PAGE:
Around 140 men from various local armed groups sang and clapped as they handed themselves in to authorities during a ceremony in Congo’s North Kivu province on Monday. Around 70 weather-beaten weapons, mostly rifles, were also turned in.
Congo’s mineral-rich east has been convulsed with conflict since the official end to the country’s second civil war in 2003. More than 120 armed groups are now fighting for control of the region’s land and natural resources.
“Being in a rebellion means stealing, harassing the population and destroying the environment of the population,” said 28-year-old Jean-Paul Ndagije, who fought with the Nyatura rebel group.
“That is why we bush commanders have decided to take our children out of the bush to embrace a better life.”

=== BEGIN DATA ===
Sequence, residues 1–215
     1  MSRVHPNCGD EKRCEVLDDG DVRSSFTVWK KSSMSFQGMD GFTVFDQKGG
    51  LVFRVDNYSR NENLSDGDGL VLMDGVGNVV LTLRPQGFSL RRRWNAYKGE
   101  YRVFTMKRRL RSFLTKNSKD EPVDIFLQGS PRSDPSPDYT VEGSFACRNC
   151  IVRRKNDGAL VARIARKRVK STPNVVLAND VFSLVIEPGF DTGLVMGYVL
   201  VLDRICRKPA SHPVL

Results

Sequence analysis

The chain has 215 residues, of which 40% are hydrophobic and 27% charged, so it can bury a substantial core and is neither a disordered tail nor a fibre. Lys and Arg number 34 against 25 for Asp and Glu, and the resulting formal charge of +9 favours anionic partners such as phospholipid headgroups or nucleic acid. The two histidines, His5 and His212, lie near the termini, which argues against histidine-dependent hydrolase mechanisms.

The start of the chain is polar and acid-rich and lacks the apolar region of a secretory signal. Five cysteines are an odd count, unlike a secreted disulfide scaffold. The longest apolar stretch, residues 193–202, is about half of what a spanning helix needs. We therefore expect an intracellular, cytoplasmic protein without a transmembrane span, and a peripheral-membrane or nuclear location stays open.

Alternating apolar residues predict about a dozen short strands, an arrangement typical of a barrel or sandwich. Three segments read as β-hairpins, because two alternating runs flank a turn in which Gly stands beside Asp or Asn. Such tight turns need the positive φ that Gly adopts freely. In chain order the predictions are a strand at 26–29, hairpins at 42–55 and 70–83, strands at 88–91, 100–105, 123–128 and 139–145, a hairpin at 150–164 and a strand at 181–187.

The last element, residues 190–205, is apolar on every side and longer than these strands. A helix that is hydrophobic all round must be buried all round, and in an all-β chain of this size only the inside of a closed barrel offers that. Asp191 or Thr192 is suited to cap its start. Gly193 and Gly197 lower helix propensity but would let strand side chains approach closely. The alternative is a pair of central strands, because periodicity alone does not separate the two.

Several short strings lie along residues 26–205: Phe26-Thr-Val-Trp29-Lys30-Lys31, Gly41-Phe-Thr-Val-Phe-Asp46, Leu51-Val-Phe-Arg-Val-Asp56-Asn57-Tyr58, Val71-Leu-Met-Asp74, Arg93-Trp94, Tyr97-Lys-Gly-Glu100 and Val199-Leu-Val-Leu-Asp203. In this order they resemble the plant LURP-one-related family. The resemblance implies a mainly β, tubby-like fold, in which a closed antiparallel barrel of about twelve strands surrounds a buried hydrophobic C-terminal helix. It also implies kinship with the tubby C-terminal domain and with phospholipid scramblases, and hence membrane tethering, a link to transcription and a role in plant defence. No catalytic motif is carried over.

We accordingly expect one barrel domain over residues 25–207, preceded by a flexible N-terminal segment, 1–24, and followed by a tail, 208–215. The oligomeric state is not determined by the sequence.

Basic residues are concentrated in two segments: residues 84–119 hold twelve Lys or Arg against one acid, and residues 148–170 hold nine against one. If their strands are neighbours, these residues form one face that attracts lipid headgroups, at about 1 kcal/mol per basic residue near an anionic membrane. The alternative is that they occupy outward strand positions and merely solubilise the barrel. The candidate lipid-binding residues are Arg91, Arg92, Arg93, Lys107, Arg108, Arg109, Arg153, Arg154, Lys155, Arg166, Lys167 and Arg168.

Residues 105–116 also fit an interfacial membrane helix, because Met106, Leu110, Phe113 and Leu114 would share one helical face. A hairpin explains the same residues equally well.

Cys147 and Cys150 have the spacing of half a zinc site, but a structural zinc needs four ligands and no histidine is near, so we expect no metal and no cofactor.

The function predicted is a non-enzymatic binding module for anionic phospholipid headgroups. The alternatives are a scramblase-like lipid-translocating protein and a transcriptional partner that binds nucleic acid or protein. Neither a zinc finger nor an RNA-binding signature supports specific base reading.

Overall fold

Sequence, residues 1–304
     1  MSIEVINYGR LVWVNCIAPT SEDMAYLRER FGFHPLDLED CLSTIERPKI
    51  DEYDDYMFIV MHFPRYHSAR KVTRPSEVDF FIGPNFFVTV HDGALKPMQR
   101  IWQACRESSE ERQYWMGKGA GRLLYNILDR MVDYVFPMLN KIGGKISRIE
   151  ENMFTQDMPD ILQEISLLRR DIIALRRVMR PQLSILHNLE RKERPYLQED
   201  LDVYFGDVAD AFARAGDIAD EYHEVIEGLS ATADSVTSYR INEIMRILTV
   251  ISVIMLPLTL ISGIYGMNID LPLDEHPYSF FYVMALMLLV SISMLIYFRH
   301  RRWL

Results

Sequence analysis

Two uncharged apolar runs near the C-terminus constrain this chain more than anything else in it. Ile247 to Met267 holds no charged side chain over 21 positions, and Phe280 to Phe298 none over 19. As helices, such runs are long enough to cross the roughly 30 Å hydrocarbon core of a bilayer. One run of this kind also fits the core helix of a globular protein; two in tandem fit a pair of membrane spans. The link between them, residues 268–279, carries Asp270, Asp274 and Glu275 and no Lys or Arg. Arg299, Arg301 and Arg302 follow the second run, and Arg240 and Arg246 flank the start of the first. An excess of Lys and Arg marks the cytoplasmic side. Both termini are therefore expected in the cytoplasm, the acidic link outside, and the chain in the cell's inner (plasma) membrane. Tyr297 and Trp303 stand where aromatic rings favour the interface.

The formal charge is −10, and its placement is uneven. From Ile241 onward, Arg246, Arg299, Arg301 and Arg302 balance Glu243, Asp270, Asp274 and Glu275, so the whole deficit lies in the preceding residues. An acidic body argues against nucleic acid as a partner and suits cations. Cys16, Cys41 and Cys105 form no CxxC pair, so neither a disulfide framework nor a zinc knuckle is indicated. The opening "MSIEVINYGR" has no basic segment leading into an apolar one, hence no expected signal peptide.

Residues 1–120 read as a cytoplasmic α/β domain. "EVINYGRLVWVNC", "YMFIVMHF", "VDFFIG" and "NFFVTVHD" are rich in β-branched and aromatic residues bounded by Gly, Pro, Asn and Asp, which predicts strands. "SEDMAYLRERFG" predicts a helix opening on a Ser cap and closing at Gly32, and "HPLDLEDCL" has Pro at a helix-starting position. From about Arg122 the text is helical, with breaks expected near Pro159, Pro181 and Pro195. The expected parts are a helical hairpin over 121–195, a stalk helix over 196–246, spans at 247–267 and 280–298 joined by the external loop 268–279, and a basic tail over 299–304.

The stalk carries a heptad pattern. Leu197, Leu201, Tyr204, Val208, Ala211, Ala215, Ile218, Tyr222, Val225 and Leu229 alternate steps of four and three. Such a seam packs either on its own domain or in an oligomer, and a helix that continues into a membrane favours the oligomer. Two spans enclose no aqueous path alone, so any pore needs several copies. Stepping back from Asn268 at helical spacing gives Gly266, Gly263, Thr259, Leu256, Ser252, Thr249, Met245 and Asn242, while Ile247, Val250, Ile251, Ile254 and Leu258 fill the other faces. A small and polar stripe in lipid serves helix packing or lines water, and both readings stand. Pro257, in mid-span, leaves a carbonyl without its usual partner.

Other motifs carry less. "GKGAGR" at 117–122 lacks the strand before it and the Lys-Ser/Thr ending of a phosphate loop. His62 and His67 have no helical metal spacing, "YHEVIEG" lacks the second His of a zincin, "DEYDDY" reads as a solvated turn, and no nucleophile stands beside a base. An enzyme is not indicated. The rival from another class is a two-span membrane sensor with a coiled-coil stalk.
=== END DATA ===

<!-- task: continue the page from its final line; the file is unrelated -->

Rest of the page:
Tshisekedi declared a state of siege in early May in response to a two-year surge in violence across the region.
But deadly attacks have increased since then, according to data collected by the Kivu Security Tracker, which maps unrest in the region.
“We will continue to track down these armed groups wherever they are entrenched,” the military governor of North Kivu Constant Ndima told reporters.
Some conflict analysts say increasing the army’s power is unlikely to address the root causes of the bloodshed, pointing to a long history of problematic behaviour documented among troops.
In a blistering report published last week, the United Nations said that sexual violence perpetrated by government troops in Congo’s east could amount to war crimes.
The report also accused Congolese troops of diverting weapons to armed groups and smuggling cocoa from abandoned farms into neighbouring Uganda.
While visiting the region last week, Tshisekedi said that a mafia had developed within the army and police, propped up by a “law of silence”.
“There is a lot of scheming undermining our security forces,” Tshisekedi said. “It developed at the same time as the mafia here, the same mafia in the army, in our institutions.” (Reporting by Djaffar Al Katanty; writing by Hereward Holland; editing by Jonathan Oatis)